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Islamist groups, democratic nations cast watchful eye on Egypt

By Sarah Aarthun, CNN
Iranian men rallying Feb. 4 in Tehran in support of Egyptian protests hold up a picture of Presidents Mubarak and Obama meeting.
Iranian men rallying Feb. 4 in Tehran in support of Egyptian protests hold up a picture of Presidents Mubarak and Obama meeting.
  • Hamas, Hezbollah join with United States and the West in praising the revolution
  • They all are trying to play a role in influencing Egypt's future to their benefit
  • Islamist regimes will try to undermine democratic efforts, analysts say
  • Egypt
  • Hamas
  • Hezbollah
  • Iran

(CNN) -- As the announcement was made Friday that embattled Egyptian President Hosni Mubarak had stepped down, worldwide reaction widely praising the move poured in from democratic governments and Islamist regimes alike.

U.S. President Barack Obama said the sudden conclusion to Mubarak's 30-year rule was not "the end of Egypt's transition. It's the beginning."

French President Nicolas Sarkozy similarly hailed what he called Egypt's "historic moment" and paid tribute to Mubarak's decision to resign.

And joining those and other democratic leaders in their unanimous support of Friday's developments were countries and extremist groups who typically are at odds with the West.

Lebanon's Hezbollah movement issued a statement extending its congratulations to the Egyptian people for "their historic triumph in achieving this revolution," while the militant Islamic group Hamas called it a "victory" not only for Egypt but for Palestinians as well.

Analysts warn that while the West is pushing for democracy, Hamas and Hezbollah -- along with such Islamist regimes as Iran -- will try to suppress it, even while publicly exulting the change.

"If democracy wins in Egypt, there will be more of a threat to Iran," said Abbas Milani, director of Iranian Studies at Stanford University.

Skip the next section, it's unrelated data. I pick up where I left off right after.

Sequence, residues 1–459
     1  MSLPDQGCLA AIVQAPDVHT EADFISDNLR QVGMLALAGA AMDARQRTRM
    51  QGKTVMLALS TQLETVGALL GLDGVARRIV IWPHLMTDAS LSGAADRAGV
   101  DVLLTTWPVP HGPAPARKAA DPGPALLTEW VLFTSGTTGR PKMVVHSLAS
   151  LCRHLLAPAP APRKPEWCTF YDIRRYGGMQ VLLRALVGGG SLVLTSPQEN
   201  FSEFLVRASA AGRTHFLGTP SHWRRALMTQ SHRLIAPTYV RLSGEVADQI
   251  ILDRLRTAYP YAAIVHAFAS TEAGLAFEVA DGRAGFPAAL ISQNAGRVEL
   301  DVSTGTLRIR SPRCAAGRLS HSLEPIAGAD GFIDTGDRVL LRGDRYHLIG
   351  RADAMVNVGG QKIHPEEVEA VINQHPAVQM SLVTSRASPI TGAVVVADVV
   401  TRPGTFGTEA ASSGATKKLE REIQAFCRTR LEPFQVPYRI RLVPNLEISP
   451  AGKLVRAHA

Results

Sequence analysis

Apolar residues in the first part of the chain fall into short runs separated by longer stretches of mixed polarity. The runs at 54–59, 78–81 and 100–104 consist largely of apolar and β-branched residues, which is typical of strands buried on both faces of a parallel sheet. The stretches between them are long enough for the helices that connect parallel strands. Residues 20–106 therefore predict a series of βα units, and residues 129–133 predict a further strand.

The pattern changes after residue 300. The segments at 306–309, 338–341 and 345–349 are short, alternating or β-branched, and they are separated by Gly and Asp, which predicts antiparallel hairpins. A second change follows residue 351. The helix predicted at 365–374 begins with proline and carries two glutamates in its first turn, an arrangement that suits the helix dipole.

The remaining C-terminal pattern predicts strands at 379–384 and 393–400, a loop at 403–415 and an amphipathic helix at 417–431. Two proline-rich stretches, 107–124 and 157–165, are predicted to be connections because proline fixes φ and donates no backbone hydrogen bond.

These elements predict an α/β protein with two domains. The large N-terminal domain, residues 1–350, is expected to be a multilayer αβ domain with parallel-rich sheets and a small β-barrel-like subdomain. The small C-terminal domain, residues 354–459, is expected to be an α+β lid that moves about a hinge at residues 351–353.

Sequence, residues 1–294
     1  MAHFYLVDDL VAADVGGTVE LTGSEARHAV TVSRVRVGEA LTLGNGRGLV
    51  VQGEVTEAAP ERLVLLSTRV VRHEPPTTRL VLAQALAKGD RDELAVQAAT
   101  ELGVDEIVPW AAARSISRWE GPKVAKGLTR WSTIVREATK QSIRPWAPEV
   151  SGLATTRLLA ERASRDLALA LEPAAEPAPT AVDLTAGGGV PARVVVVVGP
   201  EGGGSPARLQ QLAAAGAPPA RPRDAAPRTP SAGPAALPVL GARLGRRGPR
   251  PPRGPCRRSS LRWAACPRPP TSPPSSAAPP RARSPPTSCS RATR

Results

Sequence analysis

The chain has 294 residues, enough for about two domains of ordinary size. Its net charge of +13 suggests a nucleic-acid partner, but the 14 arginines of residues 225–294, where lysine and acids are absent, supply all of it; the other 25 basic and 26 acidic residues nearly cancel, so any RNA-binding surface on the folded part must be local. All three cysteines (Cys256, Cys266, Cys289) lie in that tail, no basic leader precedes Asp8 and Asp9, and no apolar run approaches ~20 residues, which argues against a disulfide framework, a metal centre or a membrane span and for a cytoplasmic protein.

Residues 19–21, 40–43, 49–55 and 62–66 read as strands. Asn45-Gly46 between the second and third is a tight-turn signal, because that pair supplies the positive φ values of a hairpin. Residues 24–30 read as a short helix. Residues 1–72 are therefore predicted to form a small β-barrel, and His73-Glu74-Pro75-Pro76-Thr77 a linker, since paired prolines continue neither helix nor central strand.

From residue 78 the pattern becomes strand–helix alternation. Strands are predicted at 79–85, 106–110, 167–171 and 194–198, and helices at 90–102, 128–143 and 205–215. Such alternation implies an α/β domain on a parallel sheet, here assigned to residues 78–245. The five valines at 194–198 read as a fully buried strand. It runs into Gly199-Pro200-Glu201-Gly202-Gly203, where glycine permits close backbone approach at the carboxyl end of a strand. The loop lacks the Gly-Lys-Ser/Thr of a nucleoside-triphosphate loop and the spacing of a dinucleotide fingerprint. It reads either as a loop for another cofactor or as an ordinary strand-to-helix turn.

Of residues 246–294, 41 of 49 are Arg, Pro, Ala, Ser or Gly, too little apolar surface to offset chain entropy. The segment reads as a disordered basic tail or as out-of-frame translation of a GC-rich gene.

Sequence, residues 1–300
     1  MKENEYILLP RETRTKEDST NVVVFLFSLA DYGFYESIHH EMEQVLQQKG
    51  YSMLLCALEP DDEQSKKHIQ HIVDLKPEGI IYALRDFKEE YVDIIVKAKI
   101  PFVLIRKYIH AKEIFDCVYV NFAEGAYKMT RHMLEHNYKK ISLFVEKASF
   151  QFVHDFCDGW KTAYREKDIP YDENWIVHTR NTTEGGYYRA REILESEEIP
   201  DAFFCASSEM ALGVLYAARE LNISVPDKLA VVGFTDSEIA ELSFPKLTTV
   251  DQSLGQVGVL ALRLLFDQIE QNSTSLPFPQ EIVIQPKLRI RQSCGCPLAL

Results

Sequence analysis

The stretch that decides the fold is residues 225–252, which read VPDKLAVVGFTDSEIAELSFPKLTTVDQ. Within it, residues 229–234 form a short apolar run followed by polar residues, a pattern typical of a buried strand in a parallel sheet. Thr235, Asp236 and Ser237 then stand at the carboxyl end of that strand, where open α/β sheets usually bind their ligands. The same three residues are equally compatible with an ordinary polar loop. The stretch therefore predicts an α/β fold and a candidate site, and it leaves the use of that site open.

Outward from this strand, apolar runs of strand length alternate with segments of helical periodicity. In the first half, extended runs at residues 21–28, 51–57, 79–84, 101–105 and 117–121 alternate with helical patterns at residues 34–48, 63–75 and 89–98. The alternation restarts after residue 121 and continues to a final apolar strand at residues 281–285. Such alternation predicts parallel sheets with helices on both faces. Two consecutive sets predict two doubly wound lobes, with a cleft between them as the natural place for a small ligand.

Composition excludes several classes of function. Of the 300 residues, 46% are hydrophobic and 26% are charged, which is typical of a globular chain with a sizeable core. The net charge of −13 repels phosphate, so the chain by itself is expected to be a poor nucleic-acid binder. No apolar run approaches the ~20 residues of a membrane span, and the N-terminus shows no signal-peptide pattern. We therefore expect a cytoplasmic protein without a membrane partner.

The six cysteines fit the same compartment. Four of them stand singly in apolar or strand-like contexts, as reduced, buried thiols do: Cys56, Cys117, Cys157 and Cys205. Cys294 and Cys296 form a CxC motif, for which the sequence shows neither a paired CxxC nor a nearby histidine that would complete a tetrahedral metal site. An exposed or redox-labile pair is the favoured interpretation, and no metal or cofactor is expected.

James Woolsey, a former director of the Central Intelligence Agency, agreed, saying there will be institutions and people trying to undermine" the chance for freedom in Egypt.

"I think first among them will be Iran and Iran working with the Muslim Brotherhood the way they work with Hamas in Gaza," he said.

"We all have to do everything we possibly can to work with the forces of stability and change in a democratic and law-abiding direction in Egypt to help them economically, help them politically and see to it that this does not become an Islamist operation the way Iran has and Gaza has, and, I'm afraid, Lebanon may be on the way to being."

Joshua Muravchik, a fellow at the Johns Hopkins School of Advanced International Studies, likened the world reaction to a Rorschach test.

"Everybody is reading this differently," said Muravchik, author of "The Next Founders: Voices of Democracy in the Middle East."

"Iranians think this is going to turn into an Islamist takeover in Egypt and if they're right they will have cause to be happy, at least in the short run," he said. "I think they'll end up unhappy in the long run because I think it will end in an intra-Islamist struggle."

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Ali Alfoneh, a resident fellow at the Washington-based American Enterprise Institute, said other countries in the region are also aiming to play a role in the transition.

"Every single state wants to have influence on Egypt," he said. For example, he said, Hamas hopes Egypt will be Islamist and allow it to send goods into the Palestinian territories, while Libya, which has strengthened ties with the West, would be worried about such a turn toward a more radical regime.

And even while the Muslim Brotherhood has claimed a more moderate political stance in recent days, Muravchik said Hamas and Hezbollah hope the Islamic umbrella group will gain power in Egypt.

"I would think a Muslim Brotherhood-dominated Egypt would be considerably more repressive and narrow-minded and belligerent toward the West," though not as extreme as Iran, he said.

Muravchik also speculated that the praise from Islamist groups is a result of the close relationship the United States has maintained with Egypt.

"Egypt is seen as America's most important ally in the region," he said, adding that Mubarak's fall could be seen as a "big setback" for the United States.

The United States and Europe, meanwhile, were forced to get behind the regime change even while distancing themselves from a longtime ally "to maintain their credibility," said Marina Ottaway, director of the Middle East program for the Carnegie Endowment for International Peace.

The West couldn't be seen as standing in the way of a major popular movement, she said.

And though analysts have varying opinions as to who will gain the most from Egypt's transition, they all agree that Mubarak's resignation is only the beginning of a long, bumpy road toward a new Egypt.

"There will be a bunch of different efforts made to be the voice of the opposition and that's just going to take a while to shake out and see who can really represent that," Muravchik said.

CNN's Phil Gast contributed to this report.

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